“Addressing wellbeing inequities in these respective demographics is essential,” says Esther Kerr, Chief Executive Officer Wealth and Capital Markets at Australian Unity. “The findings likely reflect a ‘pressure cooker’ effect caused by the rising cost of living, higher interest rates, stubborn inflation, and global economic uncertainty. This appears to be affecting the financial wellbeing of people who were previously able to cope or had a savings buffer to carry them through tough times.”
In addition to measuring personal and national wellbeing, the survey also explored the wellbeing of Australians with professional and informal caring responsibilities. A timely exploration given the number of people aged 80 years and over is expected to triple by 2063, forecasting considerable pressure on the future care economy.
“Informal carers who cared for more than 20 hours a week recorded notably lower personal wellbeing and higher levels of mental distress compared to those in professional caring and non-caring roles. Those with a caring load of 40 hours or more seemed to be doing even worse,” says Dr Lycett. “These findings suggest that people with high caring commitments in informal capacities need more support. They are also strong learnings for us as a society when we think about the ageing population and just how big the care economy is going to become.”
On the growing demand for professional caring services to help improve the wellbeing of those caring in an informal capacity, Prue Bowden, Australian Unity’s CEO of Home Health, said workforce supply for professional carers has been a key issue in Australia for many years now.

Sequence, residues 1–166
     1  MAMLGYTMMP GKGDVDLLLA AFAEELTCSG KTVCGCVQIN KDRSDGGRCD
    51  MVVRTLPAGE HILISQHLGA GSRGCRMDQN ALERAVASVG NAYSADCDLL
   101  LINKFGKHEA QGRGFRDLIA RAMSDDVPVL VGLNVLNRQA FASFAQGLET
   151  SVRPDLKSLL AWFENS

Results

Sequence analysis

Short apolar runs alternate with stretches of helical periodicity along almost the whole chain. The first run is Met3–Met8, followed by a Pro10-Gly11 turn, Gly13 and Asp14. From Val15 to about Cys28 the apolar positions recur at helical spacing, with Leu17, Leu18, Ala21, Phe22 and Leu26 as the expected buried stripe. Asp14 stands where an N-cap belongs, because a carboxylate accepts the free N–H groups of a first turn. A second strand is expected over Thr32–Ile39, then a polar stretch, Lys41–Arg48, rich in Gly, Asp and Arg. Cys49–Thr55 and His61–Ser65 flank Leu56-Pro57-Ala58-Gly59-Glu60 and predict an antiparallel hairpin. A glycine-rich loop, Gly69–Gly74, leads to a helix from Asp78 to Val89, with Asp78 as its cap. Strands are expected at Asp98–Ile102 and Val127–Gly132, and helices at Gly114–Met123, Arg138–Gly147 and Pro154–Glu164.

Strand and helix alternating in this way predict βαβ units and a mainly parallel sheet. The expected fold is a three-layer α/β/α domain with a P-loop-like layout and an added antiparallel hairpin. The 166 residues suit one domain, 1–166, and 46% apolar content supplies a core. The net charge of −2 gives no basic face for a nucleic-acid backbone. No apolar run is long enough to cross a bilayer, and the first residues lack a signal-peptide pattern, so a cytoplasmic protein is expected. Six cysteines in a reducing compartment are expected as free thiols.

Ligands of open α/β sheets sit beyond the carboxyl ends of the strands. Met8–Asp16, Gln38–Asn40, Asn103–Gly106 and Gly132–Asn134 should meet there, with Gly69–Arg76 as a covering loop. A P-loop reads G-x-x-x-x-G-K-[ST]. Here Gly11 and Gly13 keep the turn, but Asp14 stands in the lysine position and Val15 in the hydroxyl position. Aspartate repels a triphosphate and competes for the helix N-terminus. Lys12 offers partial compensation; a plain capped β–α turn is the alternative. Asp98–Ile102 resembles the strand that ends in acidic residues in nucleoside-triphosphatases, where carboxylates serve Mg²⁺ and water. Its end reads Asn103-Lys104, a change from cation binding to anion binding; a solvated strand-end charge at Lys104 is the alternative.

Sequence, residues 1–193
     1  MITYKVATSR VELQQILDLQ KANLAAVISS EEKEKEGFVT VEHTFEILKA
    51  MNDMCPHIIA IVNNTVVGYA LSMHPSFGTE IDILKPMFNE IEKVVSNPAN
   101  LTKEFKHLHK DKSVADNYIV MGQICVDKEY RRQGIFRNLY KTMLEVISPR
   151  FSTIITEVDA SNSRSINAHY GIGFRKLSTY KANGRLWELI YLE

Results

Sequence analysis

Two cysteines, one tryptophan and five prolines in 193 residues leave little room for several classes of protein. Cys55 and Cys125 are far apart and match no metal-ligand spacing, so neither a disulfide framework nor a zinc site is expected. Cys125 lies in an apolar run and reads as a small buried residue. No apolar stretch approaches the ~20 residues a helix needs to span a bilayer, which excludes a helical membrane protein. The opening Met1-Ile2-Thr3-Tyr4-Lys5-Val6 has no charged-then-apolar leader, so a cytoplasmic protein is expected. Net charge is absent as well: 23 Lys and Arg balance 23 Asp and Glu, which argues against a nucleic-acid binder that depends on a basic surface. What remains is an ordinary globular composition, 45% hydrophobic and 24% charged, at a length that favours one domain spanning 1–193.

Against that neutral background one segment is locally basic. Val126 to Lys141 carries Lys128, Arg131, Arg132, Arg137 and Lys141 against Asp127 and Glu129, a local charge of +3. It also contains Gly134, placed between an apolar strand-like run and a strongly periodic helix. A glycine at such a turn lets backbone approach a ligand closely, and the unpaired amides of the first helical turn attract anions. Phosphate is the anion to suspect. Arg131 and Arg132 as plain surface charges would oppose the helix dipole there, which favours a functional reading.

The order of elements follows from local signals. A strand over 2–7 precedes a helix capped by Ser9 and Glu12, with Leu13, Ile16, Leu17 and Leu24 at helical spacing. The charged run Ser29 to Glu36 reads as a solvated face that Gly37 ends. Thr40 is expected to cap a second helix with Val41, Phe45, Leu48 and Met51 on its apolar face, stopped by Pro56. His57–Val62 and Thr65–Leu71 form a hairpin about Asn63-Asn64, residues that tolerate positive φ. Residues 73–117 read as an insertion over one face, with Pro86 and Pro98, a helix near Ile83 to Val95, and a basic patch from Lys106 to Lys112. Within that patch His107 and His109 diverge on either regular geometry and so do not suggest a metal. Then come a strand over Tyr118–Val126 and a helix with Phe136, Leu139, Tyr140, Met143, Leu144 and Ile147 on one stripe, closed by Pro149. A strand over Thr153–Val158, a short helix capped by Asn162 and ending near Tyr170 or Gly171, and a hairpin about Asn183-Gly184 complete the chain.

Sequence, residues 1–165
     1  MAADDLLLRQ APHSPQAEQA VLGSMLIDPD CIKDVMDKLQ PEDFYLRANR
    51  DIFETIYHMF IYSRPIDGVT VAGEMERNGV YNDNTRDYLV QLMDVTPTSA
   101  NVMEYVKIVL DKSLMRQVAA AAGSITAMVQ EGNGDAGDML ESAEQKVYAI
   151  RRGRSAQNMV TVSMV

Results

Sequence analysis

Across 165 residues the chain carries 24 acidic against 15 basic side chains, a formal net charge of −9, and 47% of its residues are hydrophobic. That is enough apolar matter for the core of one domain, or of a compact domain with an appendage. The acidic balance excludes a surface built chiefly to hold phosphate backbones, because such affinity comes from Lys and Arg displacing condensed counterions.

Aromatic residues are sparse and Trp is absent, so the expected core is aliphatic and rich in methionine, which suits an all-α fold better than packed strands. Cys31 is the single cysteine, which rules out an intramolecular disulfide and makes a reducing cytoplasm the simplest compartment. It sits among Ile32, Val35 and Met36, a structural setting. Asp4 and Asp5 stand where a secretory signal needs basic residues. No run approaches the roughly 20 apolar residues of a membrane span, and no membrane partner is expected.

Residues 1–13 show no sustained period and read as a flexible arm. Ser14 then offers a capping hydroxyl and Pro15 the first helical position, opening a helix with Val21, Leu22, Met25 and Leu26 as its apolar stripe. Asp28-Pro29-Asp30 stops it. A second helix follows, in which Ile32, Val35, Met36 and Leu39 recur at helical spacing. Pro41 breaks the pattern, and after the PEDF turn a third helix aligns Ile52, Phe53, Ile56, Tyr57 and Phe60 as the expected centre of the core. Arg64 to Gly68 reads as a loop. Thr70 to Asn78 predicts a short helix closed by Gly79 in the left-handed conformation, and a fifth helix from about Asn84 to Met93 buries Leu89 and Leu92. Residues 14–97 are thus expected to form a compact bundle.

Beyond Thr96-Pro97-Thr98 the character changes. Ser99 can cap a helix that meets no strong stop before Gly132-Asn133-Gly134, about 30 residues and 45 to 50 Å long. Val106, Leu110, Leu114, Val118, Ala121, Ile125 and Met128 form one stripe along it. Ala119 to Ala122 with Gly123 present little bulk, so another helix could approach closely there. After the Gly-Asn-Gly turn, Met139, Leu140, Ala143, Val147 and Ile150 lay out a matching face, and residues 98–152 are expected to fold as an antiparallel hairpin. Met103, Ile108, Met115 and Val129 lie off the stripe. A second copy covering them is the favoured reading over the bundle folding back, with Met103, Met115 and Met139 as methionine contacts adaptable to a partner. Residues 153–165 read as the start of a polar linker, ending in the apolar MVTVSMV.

“The care economy is fundamental to the health of our whole society, not just our ageing population. It’s integral that we ensure workers in the industry are provided with secure, safe jobs with decent wages, conditions and opportunities for career development. In order for the care workforce to grow, we need to professionalise the work and shift the community mindset from being an unskilled job to one of the most rewarding careers,” Bowden adds.
The Australian Unity Wellbeing Index is one of the longest running national studies of subjective wellbeing in the world. Since its inception in 2000, data from over 75,000 Australians has been widely used by researchers, governments and organisations to gain insights into how satisfied citizens are with their lives and the nation.
The 2023 Australian Unity Wellbeing Index report can be viewed here
A summary can be viewed here
 Botha, F., Gamarra Rondinel, A., & Payne, A., Most Australians, not just the poor, are facing constraints in covering basic needs, Melbourne Institute Research Insight, Issue 04/23, University of Melbourne, 2023.
 Australians continue to face budgetary constraints in housing, food, energy and healthcare, Taking the Pulse of the Nation, Melbourne Institute and Roy Morgan, February 2023
 2023 Intergenerational Report, Australian Government, 2023, p. 159.
ABOUT AUSTRALIAN UNITY